Wednesday, March 1, 2023

BOM block 5 The Virtuous Wife...


I wrote about handmaidens a couple of years ago, and my thoughts have not changed since then, so I will share them once more for they resonate well with the March block in our Virtuous Wife BOM. 

In some versions of the bible, Proverbs 31:15 refers to our lady of the house as caring for her maidens, and in other versions, handmaidens. These handmaidens were women who did much of the homemaking duties, though we are quite aware in reading Proverbs 31:10-31 that the wife herself was not idle, but proficient in working within the home and prospering her family by wise purchasing and decision making (as described in verse 16).

I often hear women say "Well, she had maidservants, I don't!"...but let's look at this again, because it always astounds me how they have completely overlooked the handmaidens in their own homes today. I think Mrs Proverbs 31 would have loved some of the ones that work in my own home.

Growing up I saw my Nana work hard each day, never begrudgingly, and for us not having a fridge or washing machine or vacuum cleaner or hot water in the home was quite normal. I did not realise that some people around us had a real refrigerator, a twin tub washer, or that they could turn on a hot or cold tap right inside their own house. My little world revolved around the home Nana and Pop made for us, and in comparison to many of their peers, it could even be called primitive by 1960's to early 70's standards. In fact I was thirteen when Nana and Pop moved into a different flat, one which had hot and cold running water at the kitchen sink (though we had to light the gas for hot water). Up until then Nana boiled water in the old copper (which doubled as her washday tub as it had a detachable wringer) and every few days she'd carry bucket loads of hot water from the copper, up the back yard to the bathhouse and pour them in to the old bathtub for us to take turns bathing in. 

Then the water had to be emptied from the tub, bucket by bucket, and the bathtub cleaned and dried. On in-between days Nana, Pop and I would scrub our hands, faces, feet, behind the ears and wash our hair under the cold tap outside the back door. This was our normal life and I never imagined it to be different.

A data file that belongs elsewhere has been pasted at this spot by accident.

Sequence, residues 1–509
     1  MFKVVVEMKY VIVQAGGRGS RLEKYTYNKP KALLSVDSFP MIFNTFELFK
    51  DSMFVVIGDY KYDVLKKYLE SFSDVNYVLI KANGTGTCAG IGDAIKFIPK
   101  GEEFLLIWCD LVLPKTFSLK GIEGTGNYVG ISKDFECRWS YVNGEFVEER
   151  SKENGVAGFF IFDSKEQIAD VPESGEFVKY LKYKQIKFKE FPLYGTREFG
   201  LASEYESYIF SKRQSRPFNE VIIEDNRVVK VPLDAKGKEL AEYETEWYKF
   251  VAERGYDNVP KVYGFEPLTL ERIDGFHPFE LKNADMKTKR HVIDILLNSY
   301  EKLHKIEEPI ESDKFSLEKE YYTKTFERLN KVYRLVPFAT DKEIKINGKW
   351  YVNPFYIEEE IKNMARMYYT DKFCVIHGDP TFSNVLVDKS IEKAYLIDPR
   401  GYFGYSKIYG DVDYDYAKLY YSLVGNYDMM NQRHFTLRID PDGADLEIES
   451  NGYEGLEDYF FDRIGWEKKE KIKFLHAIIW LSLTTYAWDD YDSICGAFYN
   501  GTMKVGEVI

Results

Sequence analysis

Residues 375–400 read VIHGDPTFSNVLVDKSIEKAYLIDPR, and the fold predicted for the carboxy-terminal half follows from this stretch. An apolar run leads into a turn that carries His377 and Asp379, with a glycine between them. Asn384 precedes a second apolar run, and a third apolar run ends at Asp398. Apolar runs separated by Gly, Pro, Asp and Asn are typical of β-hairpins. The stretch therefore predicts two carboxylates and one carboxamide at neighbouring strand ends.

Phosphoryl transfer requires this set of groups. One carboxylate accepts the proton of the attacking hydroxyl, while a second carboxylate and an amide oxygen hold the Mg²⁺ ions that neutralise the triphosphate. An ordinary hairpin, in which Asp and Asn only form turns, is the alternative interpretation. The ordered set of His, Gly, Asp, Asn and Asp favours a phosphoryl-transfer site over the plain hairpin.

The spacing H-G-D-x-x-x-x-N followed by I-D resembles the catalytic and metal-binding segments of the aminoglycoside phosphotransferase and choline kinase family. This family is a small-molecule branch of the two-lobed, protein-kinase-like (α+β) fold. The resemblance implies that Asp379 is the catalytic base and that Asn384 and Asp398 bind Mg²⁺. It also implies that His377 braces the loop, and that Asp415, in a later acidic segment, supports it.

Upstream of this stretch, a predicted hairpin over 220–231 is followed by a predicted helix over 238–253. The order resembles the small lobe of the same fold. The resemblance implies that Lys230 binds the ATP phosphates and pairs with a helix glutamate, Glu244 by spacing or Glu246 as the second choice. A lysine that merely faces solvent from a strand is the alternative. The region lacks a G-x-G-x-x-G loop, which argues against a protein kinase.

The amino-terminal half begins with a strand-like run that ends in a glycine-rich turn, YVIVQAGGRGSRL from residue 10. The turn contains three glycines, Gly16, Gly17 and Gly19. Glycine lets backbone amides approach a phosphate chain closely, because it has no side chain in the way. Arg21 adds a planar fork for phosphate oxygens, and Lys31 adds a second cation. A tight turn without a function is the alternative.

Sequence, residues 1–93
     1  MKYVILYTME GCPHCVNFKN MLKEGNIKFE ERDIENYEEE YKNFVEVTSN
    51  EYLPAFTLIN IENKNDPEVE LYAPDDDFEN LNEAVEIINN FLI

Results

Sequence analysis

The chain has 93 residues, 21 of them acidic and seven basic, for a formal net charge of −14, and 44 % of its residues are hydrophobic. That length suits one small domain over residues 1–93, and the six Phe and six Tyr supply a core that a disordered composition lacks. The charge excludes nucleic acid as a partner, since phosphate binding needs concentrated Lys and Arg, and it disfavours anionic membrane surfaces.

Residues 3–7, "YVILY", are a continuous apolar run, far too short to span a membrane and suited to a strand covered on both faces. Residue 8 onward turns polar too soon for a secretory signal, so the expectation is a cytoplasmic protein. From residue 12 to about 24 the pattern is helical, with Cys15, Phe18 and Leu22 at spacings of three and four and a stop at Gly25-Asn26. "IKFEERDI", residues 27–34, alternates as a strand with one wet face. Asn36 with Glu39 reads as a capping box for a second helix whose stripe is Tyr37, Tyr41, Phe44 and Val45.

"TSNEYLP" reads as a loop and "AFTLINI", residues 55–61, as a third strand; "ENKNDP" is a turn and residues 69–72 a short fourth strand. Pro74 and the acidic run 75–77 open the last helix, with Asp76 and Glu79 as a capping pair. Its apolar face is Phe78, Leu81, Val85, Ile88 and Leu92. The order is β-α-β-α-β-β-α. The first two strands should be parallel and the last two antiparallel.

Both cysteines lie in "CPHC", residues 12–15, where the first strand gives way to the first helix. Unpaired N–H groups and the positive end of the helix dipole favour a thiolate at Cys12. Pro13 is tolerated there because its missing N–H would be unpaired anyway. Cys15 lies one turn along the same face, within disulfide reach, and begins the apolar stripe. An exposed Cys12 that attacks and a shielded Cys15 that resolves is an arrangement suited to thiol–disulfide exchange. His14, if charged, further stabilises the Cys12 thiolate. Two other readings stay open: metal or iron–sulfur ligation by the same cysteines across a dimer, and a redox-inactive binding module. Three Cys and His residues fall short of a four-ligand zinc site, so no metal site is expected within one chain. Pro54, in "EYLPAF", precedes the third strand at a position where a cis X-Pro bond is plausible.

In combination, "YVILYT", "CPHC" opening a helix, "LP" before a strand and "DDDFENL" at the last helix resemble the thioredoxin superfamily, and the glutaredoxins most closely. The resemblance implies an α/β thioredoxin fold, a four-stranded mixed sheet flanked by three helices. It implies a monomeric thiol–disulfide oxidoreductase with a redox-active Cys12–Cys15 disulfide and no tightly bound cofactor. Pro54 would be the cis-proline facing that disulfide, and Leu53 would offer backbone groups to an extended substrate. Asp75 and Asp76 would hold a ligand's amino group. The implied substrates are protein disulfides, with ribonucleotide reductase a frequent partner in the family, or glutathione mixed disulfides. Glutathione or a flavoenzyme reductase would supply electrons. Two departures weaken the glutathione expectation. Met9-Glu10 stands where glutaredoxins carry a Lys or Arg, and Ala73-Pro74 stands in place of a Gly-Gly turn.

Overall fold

I can still remember the Ice Man arriving every week to deposit a huge cube of ice in the Icebox because until I was thirteen we did not have a refrigerator. 

Now you know, I love the old days, the old ways, and enjoy learning the skills of those times, and there was a time where I expounded over and over how if it was good enough for Nana then we should all aim to step back and do things the way they used to be done. But things change. A child, which is still what I call myself before God, grows up and the Lord instils a bit more wisdom and common sense along the way. 

When Nana finally got a twin tub washing machine in 1972 it was a gamechanger for her. She was getting older, around the same age I am now, and she did not have the strength of her younger years, so for the next ten years she delighted in her new handmaiden until she passed away in 1982.

And one day this came home to me as I studied Proverbs 31:10-31...the fact that if Nana were alive today she would love a front loader like mine. She would have thoroughly enjoyed using my vacuum cleaner and steam mop. She would definitely find my two refrigerators quite a step above the small second hand Kelvinator she eventually got around the time we moved in 1972.

My dishwasher, iron, sewing machine, coffee machine, blender, oven, cooktop, hair dryer, hot and cold taps, water filter...every one of these is also a maidservant in my home, just as they are in yours.

Pondering how well my Nana kept house, how everything she owned was appreciated because my Pop worked hard to purchase them, how her little abode twinkled and shone with care and homemaker pride, how her days reflected a gentle unchanging rhythm of habits and routines...I'm often struck by my own lack of appreciation for all the modern appliances which fill my home and make the rhythms of a homemaker life so much easier.

Though our homes are larger today on average, I can easily mop a three bedroom house far quicker than Nana could scrub the one-bedroom walk-through on her knees.
I don't have to shop every day or two for fresh produce as she did, but can shop weekly and store it all in a larger fridge and freezer as well as the walk-in pantry.

My washing is done one load per day, on a 30 minute eco cycle, before I hang it all out in the sun on the clothesline. Nana spent many hours every Monday doing the weekly wash and until we got the twin tub (which was still far more work than our modern machines) she did it all by hand.
Nana would take all the rugs outside and hang them over the clothesline to beat them with a huge broom to dislodge the dust each week. I just vacuum.
How wonderful are our handmaidens?!

Let us ponder this today, because like most things in life that we take for granted, a lack of appreciation for what we now consider basic everyday items, can creep in to our hearts. The Proverbs 31 wife cared for her handmaidens, and I wonder if we care enough for ours? Are they cleaned and maintained regularly so that we can keep them running well for many years to come?